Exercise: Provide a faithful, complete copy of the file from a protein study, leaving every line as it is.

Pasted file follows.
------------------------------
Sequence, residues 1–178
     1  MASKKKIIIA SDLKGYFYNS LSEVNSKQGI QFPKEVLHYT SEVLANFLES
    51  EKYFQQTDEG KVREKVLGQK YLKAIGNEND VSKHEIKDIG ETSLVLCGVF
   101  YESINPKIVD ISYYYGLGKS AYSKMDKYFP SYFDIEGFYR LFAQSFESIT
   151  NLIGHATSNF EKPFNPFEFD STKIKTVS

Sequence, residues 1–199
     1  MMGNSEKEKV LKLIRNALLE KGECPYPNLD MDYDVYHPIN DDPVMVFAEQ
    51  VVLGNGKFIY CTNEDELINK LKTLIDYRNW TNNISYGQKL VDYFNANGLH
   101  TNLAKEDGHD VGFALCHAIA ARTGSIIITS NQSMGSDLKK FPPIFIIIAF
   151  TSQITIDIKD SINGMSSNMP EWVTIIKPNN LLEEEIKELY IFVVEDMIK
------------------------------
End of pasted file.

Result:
Sequence, residues 1–178
     1  MASKKKIIIA SDLKGYFYNS LSEVNSKQGI QFPKEVLHYT SEVLANFLES
    51  EKYFQQTDEG KVREKVLGQK YLKAIGNEND VSKHEIKDIG ETSLVLCGVF
   101  YESINPKIVD ISYYYGLGKS AYSKMDKYFP SYFDIEGFYR LFAQSFESIT
   151  NLIGHATSNF EKPFNPFEFD STKIKTVS

Sequence, residues 1–199
     1  MMGNSEKEKV LKLIRNALLE KGECPYPNLD MDYDVYHPIN DDPVMVFAEQ
    51  VVLGNGKFIY CTNEDELINK LKTLIDYRNW TNNISYGQKL VDYFNANGLH
   101  TNLAKEDGHD VGFALCHAIA ARTGSIIITS NQSMGSDLKK FPPIFIIIAF
   151  TSQITIDIKD SINGMSSNMP EWVTIIKPNN LLEEEIKELY IFVVEDMIK